Last week, the Brazos River Authority advised that it received notice from the Federal Energy Regulatory Commission that, effective March 12, surrender of its FERC hydroelectric generation license at Possum Kingdom Lake was complete.
The process required decommissioning of the existing hydroelectric generating facility, Judi Pierce, BRA information officer, reported.
What it means for property owners at Possum Kingdom Lake, formerly lessees, is that the 25-foot set back from the 1,000-foot contour line now belongs to the adjacent property owner, as specified in HB 3031, the bill that authorized the sale of residential leaseholds by BRA.
“We've been working with BRA counsel for a notice to be filed in the next few days in each county,” said Mike Patterson, of Patterson PK Land Partnership, the group that purchased the residential leases for resale to lease holders. “Once that's filed, they (title companies) start releasing any escrows.”
But that doesn't mean property owners can start building onto that 25-foot zone.
“Covenants and restrictions included in HB 3031 and SB 918 established a 25-foot no build zone,” Pierce noted. “However, structures already located in that area may remain in place and be rebuilt. This is not a BRA restriction, it is included in the covenants and restrictions filed of record in accordance with the bills passed by the legislature.


And restrictions below the 1,000-foot contour line still apply — in other words, no building or other modifications without BRA approval.
Decommissioning involved nearly three years of construction to permanently disable the 73-year-old plant's hydroelectric functions, and required maintaining the ability to provide for water supply releases from the dam, BRA officials noted.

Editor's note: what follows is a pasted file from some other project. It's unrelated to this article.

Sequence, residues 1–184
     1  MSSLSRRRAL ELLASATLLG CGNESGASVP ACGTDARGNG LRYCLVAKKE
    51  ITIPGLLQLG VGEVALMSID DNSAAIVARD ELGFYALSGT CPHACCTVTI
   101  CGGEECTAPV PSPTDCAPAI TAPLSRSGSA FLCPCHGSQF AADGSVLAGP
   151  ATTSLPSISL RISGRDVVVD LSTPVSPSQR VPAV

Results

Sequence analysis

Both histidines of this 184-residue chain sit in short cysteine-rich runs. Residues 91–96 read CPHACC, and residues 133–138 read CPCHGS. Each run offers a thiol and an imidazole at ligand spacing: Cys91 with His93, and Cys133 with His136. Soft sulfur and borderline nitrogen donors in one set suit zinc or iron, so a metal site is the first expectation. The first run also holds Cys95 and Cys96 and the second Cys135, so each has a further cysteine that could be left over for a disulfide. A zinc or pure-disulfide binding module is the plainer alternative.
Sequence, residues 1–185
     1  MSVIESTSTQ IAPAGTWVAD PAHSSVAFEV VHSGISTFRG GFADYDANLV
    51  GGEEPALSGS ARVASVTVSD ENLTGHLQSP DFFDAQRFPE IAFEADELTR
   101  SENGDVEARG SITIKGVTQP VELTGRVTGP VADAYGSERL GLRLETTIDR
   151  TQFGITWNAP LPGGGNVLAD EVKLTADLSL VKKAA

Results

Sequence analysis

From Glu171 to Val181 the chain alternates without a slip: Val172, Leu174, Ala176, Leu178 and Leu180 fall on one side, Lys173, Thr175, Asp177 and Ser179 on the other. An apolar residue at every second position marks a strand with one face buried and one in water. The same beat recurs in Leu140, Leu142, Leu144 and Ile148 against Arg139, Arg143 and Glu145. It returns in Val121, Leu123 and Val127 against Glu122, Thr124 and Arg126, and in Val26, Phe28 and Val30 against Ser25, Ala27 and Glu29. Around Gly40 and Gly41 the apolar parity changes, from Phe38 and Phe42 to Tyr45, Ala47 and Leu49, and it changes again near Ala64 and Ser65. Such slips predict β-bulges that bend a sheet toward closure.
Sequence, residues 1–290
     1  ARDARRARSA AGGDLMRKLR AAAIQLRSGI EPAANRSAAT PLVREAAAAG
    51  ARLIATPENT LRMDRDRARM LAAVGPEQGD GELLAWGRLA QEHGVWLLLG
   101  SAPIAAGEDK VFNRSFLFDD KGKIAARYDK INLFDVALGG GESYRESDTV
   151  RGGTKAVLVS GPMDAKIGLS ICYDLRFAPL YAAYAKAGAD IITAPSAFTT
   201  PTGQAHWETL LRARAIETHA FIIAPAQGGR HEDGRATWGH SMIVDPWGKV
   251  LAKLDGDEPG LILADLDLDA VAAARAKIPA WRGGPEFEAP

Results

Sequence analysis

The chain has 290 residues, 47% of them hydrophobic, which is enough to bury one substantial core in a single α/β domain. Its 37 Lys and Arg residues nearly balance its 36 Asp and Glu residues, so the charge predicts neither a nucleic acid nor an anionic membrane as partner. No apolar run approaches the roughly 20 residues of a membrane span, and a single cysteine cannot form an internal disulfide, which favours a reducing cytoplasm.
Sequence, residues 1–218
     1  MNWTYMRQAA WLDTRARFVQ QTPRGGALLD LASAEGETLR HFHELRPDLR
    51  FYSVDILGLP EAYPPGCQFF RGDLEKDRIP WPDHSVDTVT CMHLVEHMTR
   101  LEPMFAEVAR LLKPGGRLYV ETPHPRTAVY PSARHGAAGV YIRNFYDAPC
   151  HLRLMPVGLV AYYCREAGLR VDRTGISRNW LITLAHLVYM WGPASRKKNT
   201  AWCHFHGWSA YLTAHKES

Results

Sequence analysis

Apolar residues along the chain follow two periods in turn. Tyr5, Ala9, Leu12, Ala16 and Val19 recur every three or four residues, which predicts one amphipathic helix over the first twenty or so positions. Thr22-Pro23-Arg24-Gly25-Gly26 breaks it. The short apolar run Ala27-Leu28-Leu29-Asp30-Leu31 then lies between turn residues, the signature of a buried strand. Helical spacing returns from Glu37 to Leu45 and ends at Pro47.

The decommissioning process was initiated in December 2011 with a written application to FERC requesting authorization to permanently cease hydroelectric generation operations at the facility. To meet FERC requirements for surrender, the BRA was directed to permanently disable generation capability. This was accomplished by dismantling the project's two penstocks (large water pipes) that conveyed water from the reservoir to the turbines located inside the powerhouse. In addition, two 6,900-volt circuits which connected the project's generators to the electrical distribution grid were removed. In accordance with the FERC approved decommissioning process, these actions rendered the facility permanently incapable of generating or delivering power.
Included in the decommissioning project was installation of a controlled outlet conduit. This conduit is an 86-inch diameter pipe that allows BRA to release water from the reservoir without the necessity of opening the dam's floodgates in order to provide water for beneficial uses throughout the basin.
The facility, put into service in 1941, ceased power production in 2007 after evaluation by several engineering firms identified safety issues with the electric generating infrastructure. In light of the extensive upgrades necessary to restore the aging facility for future use, BRA began evaluating the feasibility of maintaining the hydroelectric capability. Ultimately, the BRA Board of Directors voted to apply for decommissioning after conducting extensive economic analysis which concluded that the required renovation, re-licensing and continued operation of the facility was no longer viable.